BEIJING -- When President Trumplast week, California Governor Jerry Brown saw an opportunity to go green -- in China.
"This is serious stuff," Brown said, while in Beijing. "This is not a game, this is not appealing to your political base. This is dealing with the existential threats to humanity."
Brown may now have more in common with the Chinese government than he does with the U.S. government. In a setting normally reserved for visiting heads of state, Brown met with Chinese President Xi Jinping, who is now viewed as the world's leader on climate change.
"China is the world's biggest polluter. Do you trust them to lead the world on this issue?" CBS News asked Brown.
"Well, they're taking the climate threat serious, so I say all to the good, and California will collaborate. I just hope that Washington comes on board sooner rather than later," Brown said.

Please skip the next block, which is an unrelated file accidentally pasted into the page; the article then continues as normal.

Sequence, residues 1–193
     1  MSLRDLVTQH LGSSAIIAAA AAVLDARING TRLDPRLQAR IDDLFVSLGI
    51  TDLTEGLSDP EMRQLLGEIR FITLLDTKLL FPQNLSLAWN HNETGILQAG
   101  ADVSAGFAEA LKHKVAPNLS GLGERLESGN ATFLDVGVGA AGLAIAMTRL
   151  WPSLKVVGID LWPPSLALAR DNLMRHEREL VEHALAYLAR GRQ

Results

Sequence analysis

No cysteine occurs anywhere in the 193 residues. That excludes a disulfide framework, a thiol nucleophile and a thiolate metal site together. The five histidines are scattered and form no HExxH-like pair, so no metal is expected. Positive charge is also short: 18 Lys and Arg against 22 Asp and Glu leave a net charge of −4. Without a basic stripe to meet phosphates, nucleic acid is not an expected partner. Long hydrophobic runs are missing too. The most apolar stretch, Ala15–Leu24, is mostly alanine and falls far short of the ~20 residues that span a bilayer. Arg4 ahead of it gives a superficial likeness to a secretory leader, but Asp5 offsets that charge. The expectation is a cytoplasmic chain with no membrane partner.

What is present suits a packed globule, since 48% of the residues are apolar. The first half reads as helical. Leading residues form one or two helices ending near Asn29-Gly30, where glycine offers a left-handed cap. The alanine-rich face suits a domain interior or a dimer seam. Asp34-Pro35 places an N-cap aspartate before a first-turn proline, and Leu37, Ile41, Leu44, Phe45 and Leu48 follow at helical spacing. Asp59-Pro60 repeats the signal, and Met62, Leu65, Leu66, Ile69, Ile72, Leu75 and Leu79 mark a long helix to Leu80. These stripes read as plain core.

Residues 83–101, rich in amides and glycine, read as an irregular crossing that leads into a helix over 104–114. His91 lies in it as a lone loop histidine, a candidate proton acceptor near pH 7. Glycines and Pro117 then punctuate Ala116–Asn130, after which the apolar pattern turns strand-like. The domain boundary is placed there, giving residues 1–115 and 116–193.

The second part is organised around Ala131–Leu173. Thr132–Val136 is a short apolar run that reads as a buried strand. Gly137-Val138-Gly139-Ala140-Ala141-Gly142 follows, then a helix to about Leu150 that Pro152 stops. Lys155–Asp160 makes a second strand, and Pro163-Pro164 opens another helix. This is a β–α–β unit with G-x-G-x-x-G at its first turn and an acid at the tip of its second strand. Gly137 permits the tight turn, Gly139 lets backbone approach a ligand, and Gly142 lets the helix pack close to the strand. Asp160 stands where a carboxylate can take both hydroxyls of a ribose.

Brown isn't waiting. He went to Beijing to spur more Chinese investment in renewable energy such as solar panels and wind turbines, which will help California achieve its own ambitious clean energy goals.
Pollution from coal mines often shrouds China's cities in toxic fog. But China is investing more than $360 billion to convert to cleaner forms of energy.
It's a stark contrast to the Trump White House, which has promised to open new coal mines.
"If you try to prop up dying coal mines or technology that belches toxins out the tailpipe then you're going to lose, and it's time we start winning," Brown said.
In his rationale for pulling out of the Paris climate accord, Mr. Trump cited the loss of American jobs. But the Chinese think their clean energy initiatives will actually create 13 million new jobs in China in the next few years alone.